Archive for March, 2010

Streaming March Madness On The Web

Northern Iowa upsets Kansas in the 2010 NCAA Mens College Basketball Tournament.

The Northern Iowa bench runs onto the court after their 69-67 win over Kansas in an NCAA second-round college basketball game, Saturday, March 20, 2010, in Oklahoma City. Northern Iowa upset top overall seed Kansas. (AP Photo/Tony Gutierrez)


It’s that time of year again, March Madness, when each basketball team invited to the NCAA tournament is given their shot to make a name for themselves and put their school on the map as a final four contender. Just last night the Northern Iowa Panthers took down the overall favorite and perennial college basketball powerhouse, Kansas. UNI showed up ready to play and made the big shots in this big game, against a big-time opponent. Not to mention, when an upset of this proportion happens, people are watching. The media outlet is quickly changing though, over 3 million computers were streaming the madness each day since tournament play began on Thursday, reported by CBS Sports. Now the inevitable question is how does a TV broadcast company such as CBS manage and afford to pay to stream an event of this magnitude for free to all interested viewers?

From a logistical point of view, making sure the HD stream is available to anyone across the globe comes with the help of the CDN (content-delivery-network) Akamai.  Their job is to provide CBS with seamless streaming of their coverage to viewers anywhere in the world. CBS pays to utilize the fiber optic bandwidth infrastructure and data centers that Akamai has already established in internet hot spots around the world. This eliminates costly logistical problems that CBS would otherwise run into if they were to stream the coverage with their own bandwidth. The service contracted out to Akamai is then easily paid back with mandatory 30-second commercials  that viewers are required to watch, in order for the player to unlock. Simply put, CBS profits from the increase in online video advertising inventory.

Kansas State and Northern Iowa start their NCAA second-round college basketball game, Saturday, March 20, 2010, in Oklahoma City. (AP Photo/Carlos Osorio)

One other factor, the two year old developer program has allowed for developers to promote the March Madness on demand service and viewers are now able to stream march madness from their HD TV’s, high-speed internet, or mobile device.

Many critics are applauding CBS for their efforts regarding making March Madness coverage widely accessible, as the most recent Winter Olympic’s broadcaster, NBC, required a subscription to view Olympic events live online from Vancouver. CBS’s great work is allowing for everyone to rally behind their bracket picks, and making sure that only the basketball teams are being “upset” throughout the tournament.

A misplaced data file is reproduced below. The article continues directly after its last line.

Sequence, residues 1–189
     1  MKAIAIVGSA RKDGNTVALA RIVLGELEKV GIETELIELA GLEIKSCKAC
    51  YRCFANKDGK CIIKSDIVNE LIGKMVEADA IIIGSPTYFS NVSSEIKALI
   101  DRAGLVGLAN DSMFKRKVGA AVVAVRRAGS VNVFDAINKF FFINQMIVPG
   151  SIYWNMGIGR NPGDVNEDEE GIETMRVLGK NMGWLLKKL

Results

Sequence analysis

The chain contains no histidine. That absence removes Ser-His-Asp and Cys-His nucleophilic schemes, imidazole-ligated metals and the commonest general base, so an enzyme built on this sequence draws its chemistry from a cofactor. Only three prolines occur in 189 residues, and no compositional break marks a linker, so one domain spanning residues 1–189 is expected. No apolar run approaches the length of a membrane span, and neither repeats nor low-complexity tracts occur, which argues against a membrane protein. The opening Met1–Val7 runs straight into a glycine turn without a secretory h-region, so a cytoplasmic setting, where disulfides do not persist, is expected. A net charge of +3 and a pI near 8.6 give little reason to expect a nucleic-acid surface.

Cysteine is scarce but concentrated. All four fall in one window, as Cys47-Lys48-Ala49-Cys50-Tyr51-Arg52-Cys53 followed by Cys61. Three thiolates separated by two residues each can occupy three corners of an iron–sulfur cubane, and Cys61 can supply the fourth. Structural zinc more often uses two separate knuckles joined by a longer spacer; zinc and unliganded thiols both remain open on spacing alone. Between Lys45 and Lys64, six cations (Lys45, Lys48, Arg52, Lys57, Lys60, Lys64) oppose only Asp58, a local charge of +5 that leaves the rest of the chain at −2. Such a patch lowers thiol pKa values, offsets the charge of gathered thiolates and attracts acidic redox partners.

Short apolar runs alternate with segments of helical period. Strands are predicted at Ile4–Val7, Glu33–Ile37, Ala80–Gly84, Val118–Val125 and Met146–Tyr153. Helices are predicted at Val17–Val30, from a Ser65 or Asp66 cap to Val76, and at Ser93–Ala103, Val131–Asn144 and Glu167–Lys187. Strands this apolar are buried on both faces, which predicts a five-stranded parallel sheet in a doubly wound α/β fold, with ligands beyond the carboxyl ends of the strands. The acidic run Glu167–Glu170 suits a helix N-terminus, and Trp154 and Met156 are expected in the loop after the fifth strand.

March 2011 UPDATE:

To watch the 2011 NCAA Basketball Tournament:

Visit March Madness On Demand – Watch Now!


03 2010

Is In-Flight Wi-Fi The End For Airline Magazines?

Yesterday I was flying home from Augusta, Georgia on U.S. Airways and I noticed that the monthly edition of the airline magazine contained enough subsentence to occupy my short and rare flight. However, I realized that the magazine is almost totally irrelevant to the the airlines most profitable customers, frequent fliers, who stare at the glossy cover next to the safety card several times every month. Allowing travelers to have Wi-Fi access is a trend that has fliers more fliers disregarding the airline magazine and seeking carriers with Wi-Fi for more productivity and personal entertainment.

Recently many of the major U.S. airline carriers have decided to go ahead with an investment in offering in-flight Wi-Fi for a fee, provided by the third party company Gogo, which operates under the parent company Aircell. The rationale behind the decision is that the airline executives believe their customers desire in-flight internet enough to chose one carrier over another, just for access to the internet. To support this belief, Mashable published the results from a recent survey, showing that over 3/4 of frequent fliers would change airlines to have Wi-Fi. Now, in March 2010, most airlines have taken action and are implementing the service on select planes in their fleet, which operate routes that would have a high Wi-Fi demand.

Now, why is this relevant to the airline magazines? For the passengers who subscribe to the Wi-Fi service, this will mean that their entertainment will likely be fulfilled via their Wi-Fi device, and not the magazine. The magazines exist now as a place for the airline to entertain their customers with reviews and promotions of destinations they serve and other mildly interesting travel articles. Meanwhile, the same information is available and more accessible with Wi-Fi, making the passenger likely to disregard any of the useful information within the magazine.

As fewer passengers become interested and engaged in the airline magazine, its likely that advertising revenues will drop significantly because the advertiser will no longer be reaching their primary target. Instead, the primary target demographic which the advertisers are seeking will be on the internet. In other words, the advertisers will likely look to reach out to these travelers through a new media form, the internet! Thus, the internet advertising world will yet again trump traditional media forms, as travelers become increasingly digital and mobilized citizens. While the addition of Wi-Fi service in flight is not a guarantee that airline magazines will one day be discontinued, it is certainly an indicator that the advertisers should modify their ad budgets to attract those customers again, on the internet.

Photo by RetroCactus under Creative Commons


03 2010